A lot of things can go wrong when you're teaching a class that's half college students, half maximum-security prison inmates.
Sure, there's the normal stuff: Students could slack on their homework, or lose interest in the class and withdraw. But also, a student could pass contraband behind bars, or believe that his or her safety is threatened. People could build inappropriate relationships, or maybe fall in love.
"I've seen really wonderful programs that have gotten shut down," Temple University professor Lori Pompa said.
It's all the more remarkable, then, that the program Pompa started 20 years ago in a Philadelphia county jail, the Inside-Out Prison Exchange, has endured for two decades — and expanded to about 150 correctional institutions across the globe. Thanks to its uniquely democratic approach and rigorous parameters, a total of 30,000 "inside" and "outside" students have participated, while course options have expanded from criminal justice to subjects spanning the social sciences, humanities, and arts.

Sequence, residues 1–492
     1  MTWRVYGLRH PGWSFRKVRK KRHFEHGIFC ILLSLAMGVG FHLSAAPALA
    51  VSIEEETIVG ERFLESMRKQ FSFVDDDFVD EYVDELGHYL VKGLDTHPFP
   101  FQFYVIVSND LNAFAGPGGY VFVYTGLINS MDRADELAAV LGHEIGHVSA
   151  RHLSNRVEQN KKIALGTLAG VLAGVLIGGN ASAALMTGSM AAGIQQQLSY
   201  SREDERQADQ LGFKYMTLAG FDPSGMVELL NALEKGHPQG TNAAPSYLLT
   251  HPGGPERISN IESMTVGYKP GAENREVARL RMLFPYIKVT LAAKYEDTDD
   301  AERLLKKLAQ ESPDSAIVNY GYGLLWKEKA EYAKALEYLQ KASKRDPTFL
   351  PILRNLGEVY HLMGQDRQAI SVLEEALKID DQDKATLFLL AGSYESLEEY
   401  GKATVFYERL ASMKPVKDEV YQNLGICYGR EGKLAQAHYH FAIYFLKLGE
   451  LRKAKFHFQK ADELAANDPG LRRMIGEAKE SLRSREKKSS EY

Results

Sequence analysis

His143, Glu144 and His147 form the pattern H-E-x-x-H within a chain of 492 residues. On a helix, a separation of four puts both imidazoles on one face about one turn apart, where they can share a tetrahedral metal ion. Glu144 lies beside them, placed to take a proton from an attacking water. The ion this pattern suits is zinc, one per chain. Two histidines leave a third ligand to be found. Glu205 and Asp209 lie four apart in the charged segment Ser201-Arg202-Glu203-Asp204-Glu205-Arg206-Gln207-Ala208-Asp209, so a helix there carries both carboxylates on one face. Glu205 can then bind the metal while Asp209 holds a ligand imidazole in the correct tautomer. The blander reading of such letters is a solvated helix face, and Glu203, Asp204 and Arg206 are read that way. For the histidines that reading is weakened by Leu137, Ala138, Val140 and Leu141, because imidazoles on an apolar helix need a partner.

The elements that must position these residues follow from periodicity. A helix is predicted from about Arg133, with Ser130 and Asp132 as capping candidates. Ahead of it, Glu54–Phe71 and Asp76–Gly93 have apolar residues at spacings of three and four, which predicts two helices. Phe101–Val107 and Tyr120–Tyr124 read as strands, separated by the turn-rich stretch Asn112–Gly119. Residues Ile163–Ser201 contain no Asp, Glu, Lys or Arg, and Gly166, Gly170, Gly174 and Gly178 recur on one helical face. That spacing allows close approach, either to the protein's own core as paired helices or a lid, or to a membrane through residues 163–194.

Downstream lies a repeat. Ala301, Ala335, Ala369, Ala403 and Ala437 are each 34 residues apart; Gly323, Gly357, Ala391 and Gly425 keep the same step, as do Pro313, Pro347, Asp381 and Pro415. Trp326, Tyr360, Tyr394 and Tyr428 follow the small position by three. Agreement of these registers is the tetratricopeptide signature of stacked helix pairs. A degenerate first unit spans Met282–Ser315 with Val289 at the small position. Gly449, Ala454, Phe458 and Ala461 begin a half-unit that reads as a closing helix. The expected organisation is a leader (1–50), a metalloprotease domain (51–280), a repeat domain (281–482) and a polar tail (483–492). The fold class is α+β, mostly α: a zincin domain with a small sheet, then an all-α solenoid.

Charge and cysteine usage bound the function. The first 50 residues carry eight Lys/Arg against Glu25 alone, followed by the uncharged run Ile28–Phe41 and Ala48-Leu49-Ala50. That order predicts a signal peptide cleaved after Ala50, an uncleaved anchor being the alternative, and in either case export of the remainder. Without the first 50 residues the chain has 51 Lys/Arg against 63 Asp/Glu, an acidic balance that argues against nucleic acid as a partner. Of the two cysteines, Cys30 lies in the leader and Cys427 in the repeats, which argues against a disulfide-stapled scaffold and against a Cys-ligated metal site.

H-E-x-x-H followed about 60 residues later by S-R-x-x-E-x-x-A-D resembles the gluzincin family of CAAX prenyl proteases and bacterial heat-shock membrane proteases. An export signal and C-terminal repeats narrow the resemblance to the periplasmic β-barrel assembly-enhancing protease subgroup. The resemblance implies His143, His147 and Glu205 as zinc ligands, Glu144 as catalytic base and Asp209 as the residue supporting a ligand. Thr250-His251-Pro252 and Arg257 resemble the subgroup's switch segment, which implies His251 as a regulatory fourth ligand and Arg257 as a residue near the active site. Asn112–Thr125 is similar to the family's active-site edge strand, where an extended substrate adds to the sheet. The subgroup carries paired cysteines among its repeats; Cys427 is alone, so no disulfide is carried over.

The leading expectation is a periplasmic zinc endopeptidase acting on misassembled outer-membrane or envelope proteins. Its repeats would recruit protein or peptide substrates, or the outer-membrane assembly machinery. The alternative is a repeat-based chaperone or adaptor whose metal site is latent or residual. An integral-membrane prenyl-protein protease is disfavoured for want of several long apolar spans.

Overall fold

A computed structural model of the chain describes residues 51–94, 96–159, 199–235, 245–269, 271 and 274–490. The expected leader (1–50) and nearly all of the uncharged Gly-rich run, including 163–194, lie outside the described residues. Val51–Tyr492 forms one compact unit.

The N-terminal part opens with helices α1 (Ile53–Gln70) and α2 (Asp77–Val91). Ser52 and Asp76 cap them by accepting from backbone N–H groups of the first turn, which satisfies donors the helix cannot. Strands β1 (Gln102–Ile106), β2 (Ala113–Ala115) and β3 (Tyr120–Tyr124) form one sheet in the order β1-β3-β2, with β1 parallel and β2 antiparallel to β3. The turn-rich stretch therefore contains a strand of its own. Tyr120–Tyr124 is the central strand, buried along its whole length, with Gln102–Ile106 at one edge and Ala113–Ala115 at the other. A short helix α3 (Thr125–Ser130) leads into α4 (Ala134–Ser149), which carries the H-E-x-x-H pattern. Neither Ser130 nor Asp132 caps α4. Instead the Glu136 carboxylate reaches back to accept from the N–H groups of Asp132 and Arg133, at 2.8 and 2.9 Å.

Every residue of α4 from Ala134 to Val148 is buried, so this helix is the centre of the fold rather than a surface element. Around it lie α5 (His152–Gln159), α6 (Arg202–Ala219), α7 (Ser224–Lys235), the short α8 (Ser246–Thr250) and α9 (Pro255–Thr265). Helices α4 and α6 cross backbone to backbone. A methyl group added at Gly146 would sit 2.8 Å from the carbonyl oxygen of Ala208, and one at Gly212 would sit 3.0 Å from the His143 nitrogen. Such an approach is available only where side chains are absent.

Many of the professors and students who've participated gathered in Philadelphia this weekend for an anniversary celebration and conference — held, fittingly, half at Temple and half inside Graterford Prison.
"Our levels of incarceration have to some extent been allowed to get so out of control because the vast majority of people don't know what's happening," Pompa said. "How change happens in the world, it's almost one person at a time. So we're multiplying those persons."
Pompa started out 30 years ago by volunteering for a tutoring program at Holmesburg Prison, the now-defunct Philadelphia jail.